Last is my step sum chart for the Dow Jones. The venerable Dow Jones has been in a correction mode since late January, which so far has seen its bottom on March 23rd (a -11.58% decline) and has been working itself higher ever since as its step sum plot closely following the price plot. Is the correction’s bottom in? It could very well be, and with the Dow Jones closing the week only 6% from its last all-time high of last January, it wouldn’t take much to push it to a new all-time high.

All and all, things are looking up for the stock market in Mid-July 2018. Be-that-as-it-may, this is a market that has dark clouds blowing towards it. Rightfully, President Trump is attempting to renegotiate past trade deals that always resulted with huge trade imbalances between the US and our trading partners. Understandably our trade partners don’t appreciate being threatened with tariffs to correct this situation.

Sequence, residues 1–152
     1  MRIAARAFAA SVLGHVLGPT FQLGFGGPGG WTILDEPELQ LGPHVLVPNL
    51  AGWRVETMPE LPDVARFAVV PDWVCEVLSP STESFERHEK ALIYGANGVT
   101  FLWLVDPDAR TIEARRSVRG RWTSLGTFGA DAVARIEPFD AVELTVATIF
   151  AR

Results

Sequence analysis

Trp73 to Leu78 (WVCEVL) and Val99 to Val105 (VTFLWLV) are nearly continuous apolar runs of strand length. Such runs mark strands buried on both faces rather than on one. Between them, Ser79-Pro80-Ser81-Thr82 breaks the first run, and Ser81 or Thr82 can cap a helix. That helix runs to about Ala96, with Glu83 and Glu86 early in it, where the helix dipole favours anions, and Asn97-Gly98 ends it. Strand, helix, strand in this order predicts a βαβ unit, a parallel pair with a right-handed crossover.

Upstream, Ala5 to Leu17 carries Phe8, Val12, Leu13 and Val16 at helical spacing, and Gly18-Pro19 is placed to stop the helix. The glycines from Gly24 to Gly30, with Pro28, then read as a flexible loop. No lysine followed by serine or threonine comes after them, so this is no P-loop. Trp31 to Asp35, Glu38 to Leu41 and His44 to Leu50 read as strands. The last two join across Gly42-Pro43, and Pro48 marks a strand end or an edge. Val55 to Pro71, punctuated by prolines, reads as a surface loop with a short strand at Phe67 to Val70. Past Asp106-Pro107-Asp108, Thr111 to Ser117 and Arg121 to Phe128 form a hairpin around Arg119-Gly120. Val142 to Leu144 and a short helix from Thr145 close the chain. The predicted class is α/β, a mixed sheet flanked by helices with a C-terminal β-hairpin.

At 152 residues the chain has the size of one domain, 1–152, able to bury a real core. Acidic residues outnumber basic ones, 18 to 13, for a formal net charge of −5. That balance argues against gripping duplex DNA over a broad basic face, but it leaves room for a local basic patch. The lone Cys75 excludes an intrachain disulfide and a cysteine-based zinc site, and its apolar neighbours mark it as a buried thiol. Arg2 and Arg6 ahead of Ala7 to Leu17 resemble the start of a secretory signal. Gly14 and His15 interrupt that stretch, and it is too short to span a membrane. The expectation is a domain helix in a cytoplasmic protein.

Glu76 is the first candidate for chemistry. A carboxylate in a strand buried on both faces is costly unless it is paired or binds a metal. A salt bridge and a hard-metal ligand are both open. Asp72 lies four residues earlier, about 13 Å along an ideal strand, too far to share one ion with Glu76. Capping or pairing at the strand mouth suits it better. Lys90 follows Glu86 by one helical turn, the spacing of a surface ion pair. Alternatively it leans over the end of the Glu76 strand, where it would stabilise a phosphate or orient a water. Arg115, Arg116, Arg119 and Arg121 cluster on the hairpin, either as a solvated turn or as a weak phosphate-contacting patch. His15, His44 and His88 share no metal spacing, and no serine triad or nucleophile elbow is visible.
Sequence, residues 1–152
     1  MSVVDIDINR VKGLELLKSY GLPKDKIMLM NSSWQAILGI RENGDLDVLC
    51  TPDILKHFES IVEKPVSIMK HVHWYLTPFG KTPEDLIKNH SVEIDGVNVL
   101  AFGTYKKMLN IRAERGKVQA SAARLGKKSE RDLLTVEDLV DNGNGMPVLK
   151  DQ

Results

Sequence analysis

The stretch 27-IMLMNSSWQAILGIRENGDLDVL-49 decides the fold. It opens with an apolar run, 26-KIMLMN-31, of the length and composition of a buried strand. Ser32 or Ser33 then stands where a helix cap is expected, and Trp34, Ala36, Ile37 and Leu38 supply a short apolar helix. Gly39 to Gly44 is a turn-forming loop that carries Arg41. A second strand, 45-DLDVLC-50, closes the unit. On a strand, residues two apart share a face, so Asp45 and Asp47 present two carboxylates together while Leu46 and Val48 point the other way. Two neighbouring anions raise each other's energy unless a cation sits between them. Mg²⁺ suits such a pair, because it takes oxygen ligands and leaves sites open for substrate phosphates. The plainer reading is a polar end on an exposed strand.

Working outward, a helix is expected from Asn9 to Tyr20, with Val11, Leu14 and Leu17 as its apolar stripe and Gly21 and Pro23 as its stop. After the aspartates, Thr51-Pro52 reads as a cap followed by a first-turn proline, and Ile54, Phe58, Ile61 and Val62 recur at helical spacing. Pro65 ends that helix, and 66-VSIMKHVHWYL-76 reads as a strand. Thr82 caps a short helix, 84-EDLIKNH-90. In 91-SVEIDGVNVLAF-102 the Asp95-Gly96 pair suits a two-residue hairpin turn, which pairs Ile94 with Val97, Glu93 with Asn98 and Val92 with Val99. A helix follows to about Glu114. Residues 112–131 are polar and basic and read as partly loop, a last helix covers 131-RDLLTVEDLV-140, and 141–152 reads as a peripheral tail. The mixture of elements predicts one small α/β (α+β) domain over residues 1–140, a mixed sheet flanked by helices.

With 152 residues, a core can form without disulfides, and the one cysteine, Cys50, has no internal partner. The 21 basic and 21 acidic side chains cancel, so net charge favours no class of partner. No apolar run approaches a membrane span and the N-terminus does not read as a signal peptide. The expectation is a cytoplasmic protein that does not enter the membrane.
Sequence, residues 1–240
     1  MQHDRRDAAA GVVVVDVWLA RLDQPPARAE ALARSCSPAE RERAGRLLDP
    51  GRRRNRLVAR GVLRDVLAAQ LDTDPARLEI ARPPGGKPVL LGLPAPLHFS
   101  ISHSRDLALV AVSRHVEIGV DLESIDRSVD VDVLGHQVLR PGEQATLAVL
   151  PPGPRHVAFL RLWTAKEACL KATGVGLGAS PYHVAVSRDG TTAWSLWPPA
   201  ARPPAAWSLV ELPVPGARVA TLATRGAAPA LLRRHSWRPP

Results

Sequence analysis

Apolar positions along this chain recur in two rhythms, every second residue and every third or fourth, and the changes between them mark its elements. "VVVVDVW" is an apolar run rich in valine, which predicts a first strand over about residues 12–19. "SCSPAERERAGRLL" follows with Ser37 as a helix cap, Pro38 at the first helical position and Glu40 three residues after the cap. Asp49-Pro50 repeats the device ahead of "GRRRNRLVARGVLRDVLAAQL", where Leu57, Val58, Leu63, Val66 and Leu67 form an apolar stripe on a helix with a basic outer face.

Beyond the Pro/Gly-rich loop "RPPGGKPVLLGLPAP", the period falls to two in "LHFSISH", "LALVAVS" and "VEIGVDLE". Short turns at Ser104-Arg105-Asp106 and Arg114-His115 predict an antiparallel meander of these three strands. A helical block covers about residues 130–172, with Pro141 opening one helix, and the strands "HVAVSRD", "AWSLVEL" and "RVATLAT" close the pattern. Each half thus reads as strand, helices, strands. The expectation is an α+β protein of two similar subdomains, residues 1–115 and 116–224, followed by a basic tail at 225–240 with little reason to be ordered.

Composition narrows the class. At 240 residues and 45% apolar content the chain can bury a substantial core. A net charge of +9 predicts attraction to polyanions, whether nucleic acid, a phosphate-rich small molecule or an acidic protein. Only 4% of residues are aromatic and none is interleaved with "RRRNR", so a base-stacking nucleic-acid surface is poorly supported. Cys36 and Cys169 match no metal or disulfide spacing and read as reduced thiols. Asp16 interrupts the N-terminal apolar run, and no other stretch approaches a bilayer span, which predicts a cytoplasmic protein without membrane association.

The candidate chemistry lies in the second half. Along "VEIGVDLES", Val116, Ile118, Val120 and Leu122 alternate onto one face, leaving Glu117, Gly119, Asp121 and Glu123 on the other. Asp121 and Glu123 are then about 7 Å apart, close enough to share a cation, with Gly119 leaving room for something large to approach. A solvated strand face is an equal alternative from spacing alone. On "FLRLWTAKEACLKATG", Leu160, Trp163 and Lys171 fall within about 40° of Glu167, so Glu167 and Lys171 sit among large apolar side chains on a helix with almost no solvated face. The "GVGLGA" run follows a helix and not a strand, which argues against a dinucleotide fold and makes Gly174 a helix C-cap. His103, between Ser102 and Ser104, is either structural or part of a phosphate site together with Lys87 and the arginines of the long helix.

Should a trade war begin it won’t be good for stocks and bonds, but I suspect that ultimately it will be for gold silver and their miners.

And again, if you can make the effort to contact Barron’s to request that they include everything they now publish in their ink on paper edition on their web pages I’d really appreciate it. Specifically:

  • The Dow Jones Total Market Groups in their entirety as they did just a few weeks ago

  • The Barron’s Gold Mining Index

  • Their Weekly Bond Statistics

  • The Federal Reserve Data Bank

  • And their Pulse of the Economy

Without this data my future articles will not be as informative as my previous ones. Thanks for any help you can render with an e-mail or phone call to Barron’s, a fine publication which is always happy to hear from the public on how to best serve them. They really are nice to people, as I’ve found in my past dealings with them to be the case.

Mark J. Lundeen

Minting of gold in the U.S. stopped in 1933, during the Great Depression.